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October 20, 2016

Export Control Reform Continues with Removal of Certain Night Vision, Laser, Guidance, Other Items from USML Cat. XII

As part of the Export Control Reform (ECR) initiative, on October 12, 2016, the U.S. Department of Commerce’s Bureau of Industry and Security (BIS) published a final rule describing articles that the President has determined no longer warrant control under USML Category XII (Fire Control, Laser, Imaging, and Guidance Equipment) in the International Traffic in Arms Regulations (ITAR) and transferring them to the control of the Export Administration Regulations (EAR). The rule becomes effective December 31, 2016. BIS previously published two proposed rules regarding the transferal of items from USML Cat. XII in May 2015 and February 2016. This final rule’s revisions include the establishment of “600 series” ECCNs for military fire control, laser, imaging, and guidance items; modifications related to and increased controls for certain infrared detection items; and changes to controls related to certain quartz rate sensors. Below we provide a high-level overview of these changes.

Establishment of “600 Series” for Military Fire Control, Laser, Imaging, and Guidance Items under 7x611 ECCNs

The final rule consolidates entries and establishes a single “600 series” by revising ECCN 7A611 and adding new ECCNs 7B611, 7D611, and 7E611 for military fire control, laser, imaging, and guidance commodities, software, and technology.

Revisions to Increase Controls, Modify Provisions for Infrared Detection Items Subject to the EAR

End-User and End-Use Based Controls

Foreign Military Commodities (ECCN 0A919)

Optical Devices for Firearms, Related Components (ECCNs 0A987 and 0E987)

Specified Cameras, Related Items (ECCN 6A003)

Read-Out Integrated Circuits (ROICs) (ECCN 6A990)

Software Controls (ECCNs 6D002, 6D003, and 6D991)

License Exceptions, Licensing Policies

Removal of Controls Specific to QRS-11 Sensors[10]

BIS’s final rule also revised, among other things, the scope of control of ECCN 2A984[11] and made a number of conforming changes.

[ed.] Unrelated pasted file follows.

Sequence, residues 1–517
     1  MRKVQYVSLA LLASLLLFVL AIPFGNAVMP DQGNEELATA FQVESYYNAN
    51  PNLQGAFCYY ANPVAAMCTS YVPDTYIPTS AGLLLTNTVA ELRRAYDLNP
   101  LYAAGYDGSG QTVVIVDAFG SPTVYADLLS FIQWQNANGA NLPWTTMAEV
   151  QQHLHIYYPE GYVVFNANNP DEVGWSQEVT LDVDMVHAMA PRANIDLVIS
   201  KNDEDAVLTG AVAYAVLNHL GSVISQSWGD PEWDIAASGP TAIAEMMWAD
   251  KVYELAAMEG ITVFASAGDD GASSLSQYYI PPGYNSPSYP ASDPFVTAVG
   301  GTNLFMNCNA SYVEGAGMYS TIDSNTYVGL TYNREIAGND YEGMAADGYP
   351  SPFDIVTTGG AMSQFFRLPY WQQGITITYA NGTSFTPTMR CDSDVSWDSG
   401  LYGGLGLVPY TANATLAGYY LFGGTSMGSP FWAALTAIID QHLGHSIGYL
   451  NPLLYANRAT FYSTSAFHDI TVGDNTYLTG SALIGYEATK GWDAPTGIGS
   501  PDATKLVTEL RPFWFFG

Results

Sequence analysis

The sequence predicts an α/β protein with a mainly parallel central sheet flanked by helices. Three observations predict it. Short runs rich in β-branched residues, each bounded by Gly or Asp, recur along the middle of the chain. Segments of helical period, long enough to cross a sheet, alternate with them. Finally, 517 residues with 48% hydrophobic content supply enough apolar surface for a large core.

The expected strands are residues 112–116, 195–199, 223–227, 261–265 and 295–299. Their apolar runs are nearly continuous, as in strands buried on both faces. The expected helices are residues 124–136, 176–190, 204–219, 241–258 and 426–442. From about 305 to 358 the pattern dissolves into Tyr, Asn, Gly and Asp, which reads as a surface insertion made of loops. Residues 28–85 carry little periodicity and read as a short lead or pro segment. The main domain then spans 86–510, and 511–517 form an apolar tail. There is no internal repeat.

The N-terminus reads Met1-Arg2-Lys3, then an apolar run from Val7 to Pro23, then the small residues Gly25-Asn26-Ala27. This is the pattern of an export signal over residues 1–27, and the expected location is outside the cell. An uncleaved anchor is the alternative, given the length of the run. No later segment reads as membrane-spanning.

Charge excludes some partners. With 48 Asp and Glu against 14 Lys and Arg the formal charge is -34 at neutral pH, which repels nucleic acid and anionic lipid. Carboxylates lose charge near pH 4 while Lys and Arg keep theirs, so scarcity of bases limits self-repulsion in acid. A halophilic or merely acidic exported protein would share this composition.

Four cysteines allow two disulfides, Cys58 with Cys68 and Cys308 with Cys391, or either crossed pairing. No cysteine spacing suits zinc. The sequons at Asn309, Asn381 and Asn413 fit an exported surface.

The State Department published a companion final rule describing more precisely the articles continuing to warrant control on the USML. State’s companion final rule also becomes effective on December 31, 2016.

[1] This license requirement would be imposed on ECCN 0A987 commodities that incorporate items in ECCNs 6A002 and 6A003, or certain cameras in 6A993.a.
[2] This requirement would be imposed on ECCN 6A993.a commodities that meet the criterion of Note 3.a to 6A003.b.4.
[3] ECCN 0A919 controls “military commodities” produced and located outside the U.S. that are not subject to the ITAR and incorporate one or more cameras controlled under ECCNs 6A003.b.3, 6A003.b.4.b, or 6A003.b.4.c. It also controls such “military commodities” if they incorporate more than a de minimis amount of U.S.-origin 600 series content or are the direct products of U.S.-origin 600 series “technology” or “software.”
[4] This provision would only control those ECCN 6A993.a commodities that have a maximum frame rate equal to or less than 9 Hz and thus meeting the criterion specified in Note 3.a to ECCN 6A003.b.4.b.
[5] Section 734.4(a)(5) of the EAR currently (prior to the effective date of the rule) provides that there is no de minimis level for 0A919 items that incorporate certain infrared detection items.
[6] This restriction would solely be imposed on 6D002 “software” for the “use” of commodities controlled under ECCN 6A002.b.
[7] This restriction would solely be imposed on 6D991 “software” for the “development,” “production,” or “use” of commodities controlled under ECCNs 6A002, 6A003, or 6A990.
[8] This restriction would solely be imposed on 6E001 “technology” for the “development” of commodities controlled under ECCNs 6A002 or 6A003.
[9] This restriction would solely be imposed on 6E002 “technology” for the “production” of commodities controlled under ECCNs 6A002 or 6A003.
[10] QRS-11 sensors were originally designed for military application but are now being used in civil aircraft.
[11] The final rule revises ECCN 2A984 to control concealed object detection equipment operating in the frequency range from 30 GHz to 3000 GHz and having a spatial resolution of 0.1 milliradian up to and including 1 milliradian at a standoff distance of 100 meters; and “parts” and “components,” not elsewhere specified.